A performance of a Schubertian Lied, then, could be prehended as nothing more than a pleasant sound, or, perhaps, poor singing. When it is perceived aesthetically, however, new possibilities for feeling-experience are introduced. For the shape of time as it is felt is "the pattern of life as it is felt and directly known" (FF 31).3 The novel potentialities are those of experiencing a realm of feeling normally beyond everyday individual experience. By holding up for prehension the shape of experienced passage in its most general form, music presents for our contemplation the temporal shape of human experience: "the pattern of life itself." This stretching of our feeling conceptuality deepens our humanity and our understanding of who we are. Musical performance contributes, event by event, to an enlargement of insight and an enrichment of feeling-life, thereby helping us to better understand what it means to be human.

Especially notable within the aesthetic experience is the check on the originative functions of the entity in the final contrast with the datum of the physical feeling. This prevents the stampede of novelty leading to chaos (which may occur, for instance, when bodily fatigue or drugs allow perception in the mode of presentational immediacy to be felt with little significant relationship with corresponding causal perceptions) and preserves the integrated feeling of the virtual qualities as being related to the nexuses physically felt. Any explanation of the aesthetic experience must account for the phenomenon in which whatever is felt -- beauty, illusion, and so forth -- is felt as an attribute of the art symbol. This is accomplished in organic philosophy by the description of the final integrative contrast.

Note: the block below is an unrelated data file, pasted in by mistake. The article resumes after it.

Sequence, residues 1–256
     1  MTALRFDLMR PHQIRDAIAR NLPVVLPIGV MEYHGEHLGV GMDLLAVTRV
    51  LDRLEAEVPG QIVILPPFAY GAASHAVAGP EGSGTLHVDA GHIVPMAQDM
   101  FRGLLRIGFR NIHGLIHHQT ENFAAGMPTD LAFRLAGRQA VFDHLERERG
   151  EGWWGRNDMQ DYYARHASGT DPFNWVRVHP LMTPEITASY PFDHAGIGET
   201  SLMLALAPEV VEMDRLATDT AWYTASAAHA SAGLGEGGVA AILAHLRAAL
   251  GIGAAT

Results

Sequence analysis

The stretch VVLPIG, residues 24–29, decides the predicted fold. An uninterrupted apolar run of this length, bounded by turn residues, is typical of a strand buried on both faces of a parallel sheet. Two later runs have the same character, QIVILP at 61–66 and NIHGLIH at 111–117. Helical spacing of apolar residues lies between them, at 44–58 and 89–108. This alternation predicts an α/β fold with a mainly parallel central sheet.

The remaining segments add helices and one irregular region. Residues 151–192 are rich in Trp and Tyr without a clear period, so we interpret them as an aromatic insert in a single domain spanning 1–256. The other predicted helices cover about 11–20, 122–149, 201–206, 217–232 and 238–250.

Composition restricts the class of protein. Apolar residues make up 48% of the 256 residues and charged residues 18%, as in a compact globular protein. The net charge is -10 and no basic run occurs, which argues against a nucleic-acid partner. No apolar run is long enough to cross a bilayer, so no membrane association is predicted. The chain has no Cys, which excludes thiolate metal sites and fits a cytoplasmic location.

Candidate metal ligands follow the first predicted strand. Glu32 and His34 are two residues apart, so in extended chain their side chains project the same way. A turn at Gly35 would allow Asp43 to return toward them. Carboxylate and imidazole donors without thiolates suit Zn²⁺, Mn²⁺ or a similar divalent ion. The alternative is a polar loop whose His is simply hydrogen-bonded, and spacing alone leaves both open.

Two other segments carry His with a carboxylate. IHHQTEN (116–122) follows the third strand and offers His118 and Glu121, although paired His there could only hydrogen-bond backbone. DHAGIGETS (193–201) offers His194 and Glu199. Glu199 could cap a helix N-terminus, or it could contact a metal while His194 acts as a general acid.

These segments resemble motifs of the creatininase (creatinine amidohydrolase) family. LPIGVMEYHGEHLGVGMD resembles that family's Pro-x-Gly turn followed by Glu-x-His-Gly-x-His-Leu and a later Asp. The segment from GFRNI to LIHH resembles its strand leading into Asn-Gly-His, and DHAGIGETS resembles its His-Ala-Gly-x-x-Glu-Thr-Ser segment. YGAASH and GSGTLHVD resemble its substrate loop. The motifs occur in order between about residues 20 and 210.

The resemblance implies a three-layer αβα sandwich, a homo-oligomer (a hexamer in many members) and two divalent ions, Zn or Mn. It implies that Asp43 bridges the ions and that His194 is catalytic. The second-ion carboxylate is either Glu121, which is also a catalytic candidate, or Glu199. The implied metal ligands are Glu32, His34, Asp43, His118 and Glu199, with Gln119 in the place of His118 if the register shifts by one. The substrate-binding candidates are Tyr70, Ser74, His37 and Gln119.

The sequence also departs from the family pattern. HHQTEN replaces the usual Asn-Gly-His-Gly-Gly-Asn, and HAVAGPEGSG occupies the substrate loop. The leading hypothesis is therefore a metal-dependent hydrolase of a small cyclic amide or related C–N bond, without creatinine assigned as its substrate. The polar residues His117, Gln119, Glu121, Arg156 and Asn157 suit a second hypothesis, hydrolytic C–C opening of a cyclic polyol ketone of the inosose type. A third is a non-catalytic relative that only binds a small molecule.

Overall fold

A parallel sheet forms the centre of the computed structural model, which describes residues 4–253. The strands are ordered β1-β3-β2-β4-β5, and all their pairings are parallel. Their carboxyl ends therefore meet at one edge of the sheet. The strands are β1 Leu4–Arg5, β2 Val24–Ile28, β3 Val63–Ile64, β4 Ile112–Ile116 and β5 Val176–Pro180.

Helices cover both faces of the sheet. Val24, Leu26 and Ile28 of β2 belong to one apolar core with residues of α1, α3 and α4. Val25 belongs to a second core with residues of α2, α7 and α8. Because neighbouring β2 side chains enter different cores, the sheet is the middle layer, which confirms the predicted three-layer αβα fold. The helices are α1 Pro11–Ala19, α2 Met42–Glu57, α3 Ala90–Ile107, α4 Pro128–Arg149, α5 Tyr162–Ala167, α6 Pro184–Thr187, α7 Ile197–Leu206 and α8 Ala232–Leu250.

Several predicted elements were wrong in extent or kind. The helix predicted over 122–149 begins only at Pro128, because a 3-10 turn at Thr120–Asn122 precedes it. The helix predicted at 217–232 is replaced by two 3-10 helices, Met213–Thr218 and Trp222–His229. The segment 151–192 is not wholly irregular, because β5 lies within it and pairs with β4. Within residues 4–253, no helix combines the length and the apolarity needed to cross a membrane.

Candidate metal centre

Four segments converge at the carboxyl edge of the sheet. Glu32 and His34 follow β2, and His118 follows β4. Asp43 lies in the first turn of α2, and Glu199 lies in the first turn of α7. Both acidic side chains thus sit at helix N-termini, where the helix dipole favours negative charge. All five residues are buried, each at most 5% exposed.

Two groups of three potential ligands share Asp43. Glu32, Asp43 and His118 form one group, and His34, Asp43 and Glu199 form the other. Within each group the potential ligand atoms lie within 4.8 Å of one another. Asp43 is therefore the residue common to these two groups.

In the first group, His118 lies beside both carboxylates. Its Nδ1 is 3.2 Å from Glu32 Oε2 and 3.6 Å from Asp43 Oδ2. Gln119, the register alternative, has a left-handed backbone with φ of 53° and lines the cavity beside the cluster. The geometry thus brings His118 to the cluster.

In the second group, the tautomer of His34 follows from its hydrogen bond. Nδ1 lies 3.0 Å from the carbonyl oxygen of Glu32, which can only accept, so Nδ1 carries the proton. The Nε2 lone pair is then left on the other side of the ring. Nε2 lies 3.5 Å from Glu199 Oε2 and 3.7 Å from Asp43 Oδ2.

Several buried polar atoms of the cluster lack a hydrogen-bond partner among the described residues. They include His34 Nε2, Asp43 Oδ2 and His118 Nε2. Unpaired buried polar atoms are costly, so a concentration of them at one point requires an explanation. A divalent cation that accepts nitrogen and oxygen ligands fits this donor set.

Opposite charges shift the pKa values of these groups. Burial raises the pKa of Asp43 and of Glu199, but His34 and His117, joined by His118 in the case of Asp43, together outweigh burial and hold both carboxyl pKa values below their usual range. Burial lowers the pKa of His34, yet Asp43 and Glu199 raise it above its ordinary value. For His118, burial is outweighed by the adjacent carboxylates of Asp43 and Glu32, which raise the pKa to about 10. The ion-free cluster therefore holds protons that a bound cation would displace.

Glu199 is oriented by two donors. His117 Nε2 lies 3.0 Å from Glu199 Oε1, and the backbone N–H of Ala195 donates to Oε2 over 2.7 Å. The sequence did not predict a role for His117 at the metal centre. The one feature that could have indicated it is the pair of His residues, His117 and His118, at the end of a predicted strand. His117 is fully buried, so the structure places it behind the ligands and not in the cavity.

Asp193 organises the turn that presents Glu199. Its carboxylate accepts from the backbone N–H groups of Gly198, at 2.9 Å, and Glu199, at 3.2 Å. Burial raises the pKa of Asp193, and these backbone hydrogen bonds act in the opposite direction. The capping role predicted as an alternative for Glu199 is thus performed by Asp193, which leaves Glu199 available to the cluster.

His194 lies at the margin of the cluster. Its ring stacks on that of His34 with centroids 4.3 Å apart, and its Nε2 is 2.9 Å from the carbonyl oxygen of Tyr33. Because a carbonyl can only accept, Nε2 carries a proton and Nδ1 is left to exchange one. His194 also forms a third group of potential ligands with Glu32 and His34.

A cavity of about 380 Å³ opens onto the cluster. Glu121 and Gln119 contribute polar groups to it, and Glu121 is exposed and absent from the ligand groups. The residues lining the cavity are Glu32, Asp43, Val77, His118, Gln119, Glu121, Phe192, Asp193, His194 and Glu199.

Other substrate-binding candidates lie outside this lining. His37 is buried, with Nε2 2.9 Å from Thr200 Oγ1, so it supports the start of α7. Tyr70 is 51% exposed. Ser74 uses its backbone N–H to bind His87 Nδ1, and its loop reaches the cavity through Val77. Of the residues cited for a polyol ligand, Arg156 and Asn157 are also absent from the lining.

References

FF -- Susanne K. Langer. Feeling and Form. New York: Charles Scribnerís Sons, 1953.

 

Notes

1. Baltimore: The Johns Hopkins Press, 1973.

2. This view contradicts that of Donald W. Sherburne in his A Whiteheadian Aesthetic (New Haven: Yale University Press, 1961) and "Meaning and Music," Journal of Aesthetics and Art Criticism, 24/4 (1966), 579-83. Sherburne holds that the aesthetic object has the ontological status of a proposition, and, in the case of music, that the performance of a composition is an Ďobjectified" proposition, the logical subject of which is "you" understood. In A Whiteheadian Aesthetic, see p. 107f.

3. Cf. Sherburneís description of music as "sheer predicative pattern" in "Meaning and Music."